There is no hit list. The Member opposite has identified two people in the Land Claims Secretariat who continue to work, and will remain there until they are replaced. The same is true for any other person who wants to transfer out of land claims to any other section within government. They will be replaced by people - there will be no vacancies - because this is a priority of the government.

Mr. Ostashek: I see we are starting to get under the skin of the Government Leader. If he did not have anything to hide, I do not think we would be getting under his skin.

It is quite clear that media pressure has come to bear on the Government Leader and his incompetence in handling these dismissals because he is now starting to change his mind. I would not be surprised to see these people remain in their positions. However, that is certainly not what he said in the press last week.

Does the Government Leader intend to speed up the land claims process by politically appointing land claims negotiators who are going to be instructed to say yes to every demand of the First Nations? Is that how he is going to speed up the land claims process?

Hon. Mr. McDonald: I have to again say to the Member that when he makes statements that people were dismissed, he is not stating a fact. I will repeat that for the Member's information.

I suppose that the Member appears to be concerned that any change of personnel may be the result of a government that wants to capitulate at the land claims table. I would point out to the Member that that is a nonsensical statement, because it was the New Democratic Party government that negotiated the umbrella final agreement. The NDP government negotiated the first four First Nation final agreements and self-government agreements. These were the self-government agreements and final agreements that the Members opposite endorsed. If anyone wants to know what our land claims policy is, they can look to the very good record of the NDP government in negotiating with First Nations from the years 1985 to 1992. Our position at the negotiating table is that we will act consistently with the umbrella final agreement. We will seek negotiated arrangements with First Nations that respect not only third-party interests and the general public's interest, but will also ensure that First Nations get a fair settlement. That is our position. That will be the position that negotiators will take to the table, and I am certain that it will get results.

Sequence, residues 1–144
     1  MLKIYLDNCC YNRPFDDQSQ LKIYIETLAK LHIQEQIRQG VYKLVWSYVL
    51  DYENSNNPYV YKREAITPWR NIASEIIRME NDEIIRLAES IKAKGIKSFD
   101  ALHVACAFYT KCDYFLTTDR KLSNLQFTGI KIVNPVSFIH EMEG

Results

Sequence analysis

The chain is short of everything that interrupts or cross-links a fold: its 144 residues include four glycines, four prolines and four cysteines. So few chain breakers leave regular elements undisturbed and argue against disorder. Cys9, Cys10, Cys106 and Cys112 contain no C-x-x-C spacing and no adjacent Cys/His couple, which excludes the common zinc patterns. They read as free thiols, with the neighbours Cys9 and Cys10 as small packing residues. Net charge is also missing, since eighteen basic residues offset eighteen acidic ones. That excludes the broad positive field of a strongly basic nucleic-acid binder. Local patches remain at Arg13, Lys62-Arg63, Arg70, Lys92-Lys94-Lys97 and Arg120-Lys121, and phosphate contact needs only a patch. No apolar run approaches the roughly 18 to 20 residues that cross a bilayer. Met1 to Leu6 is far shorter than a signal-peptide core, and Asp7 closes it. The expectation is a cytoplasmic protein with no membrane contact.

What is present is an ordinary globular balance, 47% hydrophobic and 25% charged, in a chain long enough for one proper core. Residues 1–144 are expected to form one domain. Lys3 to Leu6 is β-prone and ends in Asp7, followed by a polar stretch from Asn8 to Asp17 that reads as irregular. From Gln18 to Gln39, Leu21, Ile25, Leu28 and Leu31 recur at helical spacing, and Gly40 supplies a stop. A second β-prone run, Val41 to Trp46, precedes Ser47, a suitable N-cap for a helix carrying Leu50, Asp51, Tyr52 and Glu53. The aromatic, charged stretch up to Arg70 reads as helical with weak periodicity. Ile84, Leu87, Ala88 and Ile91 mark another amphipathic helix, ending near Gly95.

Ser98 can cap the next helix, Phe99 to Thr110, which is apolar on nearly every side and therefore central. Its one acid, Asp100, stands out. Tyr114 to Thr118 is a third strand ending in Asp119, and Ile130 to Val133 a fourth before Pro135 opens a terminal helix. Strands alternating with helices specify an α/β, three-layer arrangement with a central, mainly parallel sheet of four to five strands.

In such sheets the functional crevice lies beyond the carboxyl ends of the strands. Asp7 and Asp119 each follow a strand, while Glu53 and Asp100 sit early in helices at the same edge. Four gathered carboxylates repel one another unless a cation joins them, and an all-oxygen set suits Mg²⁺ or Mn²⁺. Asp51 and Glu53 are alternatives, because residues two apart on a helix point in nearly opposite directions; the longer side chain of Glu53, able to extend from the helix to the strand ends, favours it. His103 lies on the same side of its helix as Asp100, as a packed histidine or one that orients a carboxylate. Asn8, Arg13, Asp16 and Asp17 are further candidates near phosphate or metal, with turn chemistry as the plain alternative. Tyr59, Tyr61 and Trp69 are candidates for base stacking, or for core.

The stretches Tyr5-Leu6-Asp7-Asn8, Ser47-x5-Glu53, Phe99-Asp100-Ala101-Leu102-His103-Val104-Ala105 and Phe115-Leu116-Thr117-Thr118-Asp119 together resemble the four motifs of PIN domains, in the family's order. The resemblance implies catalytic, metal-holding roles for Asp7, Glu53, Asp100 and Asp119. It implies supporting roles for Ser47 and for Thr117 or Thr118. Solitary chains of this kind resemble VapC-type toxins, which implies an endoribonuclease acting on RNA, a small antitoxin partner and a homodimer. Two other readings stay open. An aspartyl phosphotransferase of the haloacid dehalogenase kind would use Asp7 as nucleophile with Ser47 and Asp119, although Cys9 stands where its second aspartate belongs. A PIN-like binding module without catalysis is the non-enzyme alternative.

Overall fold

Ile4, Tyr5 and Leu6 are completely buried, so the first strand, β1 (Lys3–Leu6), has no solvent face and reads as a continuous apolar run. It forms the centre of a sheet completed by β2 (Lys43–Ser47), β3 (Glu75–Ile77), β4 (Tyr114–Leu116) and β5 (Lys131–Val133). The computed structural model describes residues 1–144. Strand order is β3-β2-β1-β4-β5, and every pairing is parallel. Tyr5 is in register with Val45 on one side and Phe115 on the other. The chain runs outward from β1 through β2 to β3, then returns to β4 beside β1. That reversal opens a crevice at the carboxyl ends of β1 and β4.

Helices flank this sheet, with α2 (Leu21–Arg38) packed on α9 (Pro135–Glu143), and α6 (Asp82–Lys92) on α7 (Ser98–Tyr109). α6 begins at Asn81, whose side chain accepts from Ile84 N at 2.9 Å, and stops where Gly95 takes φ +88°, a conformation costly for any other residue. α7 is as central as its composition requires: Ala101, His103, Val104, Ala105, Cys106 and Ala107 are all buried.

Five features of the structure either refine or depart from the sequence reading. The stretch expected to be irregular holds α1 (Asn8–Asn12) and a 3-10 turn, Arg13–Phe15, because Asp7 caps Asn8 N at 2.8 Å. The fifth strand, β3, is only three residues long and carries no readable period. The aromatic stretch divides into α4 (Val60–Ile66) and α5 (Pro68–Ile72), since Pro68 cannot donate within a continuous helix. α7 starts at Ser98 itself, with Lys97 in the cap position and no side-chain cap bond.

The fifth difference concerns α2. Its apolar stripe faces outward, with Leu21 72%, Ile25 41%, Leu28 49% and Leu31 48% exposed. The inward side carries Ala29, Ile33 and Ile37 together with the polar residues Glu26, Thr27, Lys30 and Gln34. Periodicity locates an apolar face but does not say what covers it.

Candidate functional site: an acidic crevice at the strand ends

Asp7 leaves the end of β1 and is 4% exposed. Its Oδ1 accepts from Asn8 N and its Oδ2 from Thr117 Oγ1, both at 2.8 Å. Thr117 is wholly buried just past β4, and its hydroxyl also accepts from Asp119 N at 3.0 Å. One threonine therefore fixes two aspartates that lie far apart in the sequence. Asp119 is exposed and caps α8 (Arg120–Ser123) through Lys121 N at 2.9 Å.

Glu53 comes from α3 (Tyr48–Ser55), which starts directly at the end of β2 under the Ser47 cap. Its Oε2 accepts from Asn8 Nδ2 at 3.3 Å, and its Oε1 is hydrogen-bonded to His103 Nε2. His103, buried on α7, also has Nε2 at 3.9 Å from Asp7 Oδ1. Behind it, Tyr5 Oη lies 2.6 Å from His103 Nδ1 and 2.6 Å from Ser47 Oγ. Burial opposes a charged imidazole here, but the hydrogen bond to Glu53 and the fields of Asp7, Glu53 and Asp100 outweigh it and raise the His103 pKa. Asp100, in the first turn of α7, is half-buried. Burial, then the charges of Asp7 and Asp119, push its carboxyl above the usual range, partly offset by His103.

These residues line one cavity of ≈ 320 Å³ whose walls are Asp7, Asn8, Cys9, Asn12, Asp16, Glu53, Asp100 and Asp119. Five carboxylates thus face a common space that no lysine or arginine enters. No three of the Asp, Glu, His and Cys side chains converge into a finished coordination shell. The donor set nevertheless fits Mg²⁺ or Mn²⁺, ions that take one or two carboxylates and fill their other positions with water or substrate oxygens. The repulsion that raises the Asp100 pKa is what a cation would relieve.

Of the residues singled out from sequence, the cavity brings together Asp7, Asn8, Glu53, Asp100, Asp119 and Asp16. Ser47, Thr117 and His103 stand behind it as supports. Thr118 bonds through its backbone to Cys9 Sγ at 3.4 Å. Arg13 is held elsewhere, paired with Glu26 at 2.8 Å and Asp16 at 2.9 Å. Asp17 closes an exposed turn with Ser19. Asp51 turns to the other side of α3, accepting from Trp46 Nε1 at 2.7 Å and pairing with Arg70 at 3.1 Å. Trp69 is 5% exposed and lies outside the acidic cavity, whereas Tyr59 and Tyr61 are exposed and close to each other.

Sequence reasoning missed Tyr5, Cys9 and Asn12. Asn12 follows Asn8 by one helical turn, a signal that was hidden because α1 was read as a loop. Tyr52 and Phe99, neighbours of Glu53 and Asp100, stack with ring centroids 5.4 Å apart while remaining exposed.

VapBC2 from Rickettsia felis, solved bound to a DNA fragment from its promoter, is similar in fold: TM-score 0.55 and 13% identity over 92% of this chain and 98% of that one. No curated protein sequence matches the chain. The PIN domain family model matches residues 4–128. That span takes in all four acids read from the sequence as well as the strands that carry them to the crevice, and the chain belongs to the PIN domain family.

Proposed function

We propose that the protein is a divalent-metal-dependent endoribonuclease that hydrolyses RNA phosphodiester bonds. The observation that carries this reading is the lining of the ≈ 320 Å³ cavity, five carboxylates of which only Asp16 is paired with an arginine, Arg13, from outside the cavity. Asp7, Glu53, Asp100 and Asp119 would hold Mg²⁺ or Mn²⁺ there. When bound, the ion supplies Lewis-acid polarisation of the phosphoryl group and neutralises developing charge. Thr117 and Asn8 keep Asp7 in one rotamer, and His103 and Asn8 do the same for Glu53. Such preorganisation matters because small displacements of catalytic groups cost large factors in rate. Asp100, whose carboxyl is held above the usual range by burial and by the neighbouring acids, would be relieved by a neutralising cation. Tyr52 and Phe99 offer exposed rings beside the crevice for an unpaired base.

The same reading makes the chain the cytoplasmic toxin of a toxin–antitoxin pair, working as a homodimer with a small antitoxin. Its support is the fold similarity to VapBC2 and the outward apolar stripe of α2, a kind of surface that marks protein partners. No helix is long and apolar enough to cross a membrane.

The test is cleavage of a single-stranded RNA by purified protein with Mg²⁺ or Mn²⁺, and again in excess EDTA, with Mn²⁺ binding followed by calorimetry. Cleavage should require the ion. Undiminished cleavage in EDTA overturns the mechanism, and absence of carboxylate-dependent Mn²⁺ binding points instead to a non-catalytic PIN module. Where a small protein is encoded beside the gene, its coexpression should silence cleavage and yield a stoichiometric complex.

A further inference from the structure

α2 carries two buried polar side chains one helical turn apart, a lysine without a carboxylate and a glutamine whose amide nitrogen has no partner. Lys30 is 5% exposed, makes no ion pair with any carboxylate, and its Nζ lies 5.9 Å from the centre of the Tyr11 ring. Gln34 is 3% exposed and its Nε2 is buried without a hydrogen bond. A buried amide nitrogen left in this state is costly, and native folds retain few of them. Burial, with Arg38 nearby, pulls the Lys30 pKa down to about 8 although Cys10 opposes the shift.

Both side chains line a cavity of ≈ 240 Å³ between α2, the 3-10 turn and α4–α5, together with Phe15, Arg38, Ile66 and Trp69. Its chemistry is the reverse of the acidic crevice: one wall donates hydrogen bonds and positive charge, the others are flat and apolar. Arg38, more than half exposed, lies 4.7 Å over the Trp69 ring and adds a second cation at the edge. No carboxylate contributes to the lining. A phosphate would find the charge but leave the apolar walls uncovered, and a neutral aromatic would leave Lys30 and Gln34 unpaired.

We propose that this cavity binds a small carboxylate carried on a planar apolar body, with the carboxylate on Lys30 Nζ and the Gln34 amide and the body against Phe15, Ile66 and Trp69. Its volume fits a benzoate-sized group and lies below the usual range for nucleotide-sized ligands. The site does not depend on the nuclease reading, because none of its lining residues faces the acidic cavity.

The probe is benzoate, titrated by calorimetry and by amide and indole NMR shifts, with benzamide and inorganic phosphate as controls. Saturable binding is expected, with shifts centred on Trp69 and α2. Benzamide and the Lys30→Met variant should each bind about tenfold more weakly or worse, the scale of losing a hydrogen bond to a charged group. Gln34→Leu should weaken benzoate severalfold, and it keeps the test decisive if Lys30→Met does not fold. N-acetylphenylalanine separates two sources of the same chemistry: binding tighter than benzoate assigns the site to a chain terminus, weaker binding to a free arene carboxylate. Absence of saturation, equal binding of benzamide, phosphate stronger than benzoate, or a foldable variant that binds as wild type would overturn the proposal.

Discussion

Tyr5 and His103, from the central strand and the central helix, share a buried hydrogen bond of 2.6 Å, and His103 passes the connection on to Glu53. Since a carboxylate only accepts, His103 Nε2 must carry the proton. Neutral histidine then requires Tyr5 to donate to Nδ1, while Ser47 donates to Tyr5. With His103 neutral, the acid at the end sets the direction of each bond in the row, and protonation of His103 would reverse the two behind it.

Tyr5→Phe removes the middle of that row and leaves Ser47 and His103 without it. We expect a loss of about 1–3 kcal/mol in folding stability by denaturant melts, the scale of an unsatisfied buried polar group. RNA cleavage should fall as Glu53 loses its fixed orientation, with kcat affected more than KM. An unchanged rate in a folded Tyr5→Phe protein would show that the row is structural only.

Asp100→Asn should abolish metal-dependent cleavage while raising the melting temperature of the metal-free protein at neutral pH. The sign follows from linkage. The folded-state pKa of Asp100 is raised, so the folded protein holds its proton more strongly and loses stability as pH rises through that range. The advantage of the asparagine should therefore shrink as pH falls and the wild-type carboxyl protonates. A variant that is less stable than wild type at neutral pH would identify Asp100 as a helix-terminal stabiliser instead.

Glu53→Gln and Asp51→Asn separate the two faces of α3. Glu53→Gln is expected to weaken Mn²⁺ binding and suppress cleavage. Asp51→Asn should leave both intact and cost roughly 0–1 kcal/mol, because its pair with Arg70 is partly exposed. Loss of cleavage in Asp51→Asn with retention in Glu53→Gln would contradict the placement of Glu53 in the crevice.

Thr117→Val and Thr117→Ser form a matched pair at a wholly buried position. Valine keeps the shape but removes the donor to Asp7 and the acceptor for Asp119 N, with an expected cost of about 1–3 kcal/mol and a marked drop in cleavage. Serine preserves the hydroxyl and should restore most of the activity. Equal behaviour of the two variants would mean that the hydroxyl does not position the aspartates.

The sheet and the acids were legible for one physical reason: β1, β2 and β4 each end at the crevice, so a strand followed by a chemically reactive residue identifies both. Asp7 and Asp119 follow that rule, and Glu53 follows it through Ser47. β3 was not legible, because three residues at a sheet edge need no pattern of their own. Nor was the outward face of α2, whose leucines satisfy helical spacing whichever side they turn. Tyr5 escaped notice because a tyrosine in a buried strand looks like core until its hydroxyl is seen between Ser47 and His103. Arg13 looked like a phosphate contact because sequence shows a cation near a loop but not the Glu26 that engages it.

Question re: Crown corporations, removal of presidents

Mr. Cable: Just before I ask my question of the Government Leader, I would like to thank the Speaker for his ruling. I know that he put considerable thought into that. I appreciate the comments on the speaking roster, the motion day rotation, and the suggestion on rule changes.

The question that I have for the Government Leader concerns the deputy ministers of the two Crown corporations.

Last Thursday, I asked the Government Leader questions relating to the deputy minister shuffles, and about the removal of the presidents of the two Crown corporations - the Yukon Development Corporation and the Yukon Housing Corporation. I was left with the impression that in the Government Leader's view, he could shuffle the presidents around without consultation with the respective boards. It was his sole prerogative. The president of the Yukon Development Corporation and the Yukon Energy Corporation is appointed by the Cabinet on the recommendation of that board.

Was there a recommendation that the previous president be terminated and the new president appointed?

Hon. Mr. McDonald: When the Member suggested that the personnel were removed, I did not want him to leave the impression that the personnel were removed from government because that seems to have been a theme from his colleague to his right. The personnel that he is referring to are, of course, transferred from one deputy minister assignment to another deputy minister assignment. He is quite right, of course, in saying that the appointments to all deputy minister assignments are made by Cabinet, not by Government Leaders.

In the case of the two corporations that he speaks of, the Yukon Housing Corporation and the Yukon Development Corporation, there was no recommendation from the two corporation boards on new personnel for those corporations. As I understand it, the Deputy Minister of the Executive Council Office did speak to the chair of the Yukon Housing Corporation Board, did not seek an opinion but rather informed the Yukon Housing Corporation Board chair as to the decision of Cabinet.

Question re: Crown corporations, removal of presidents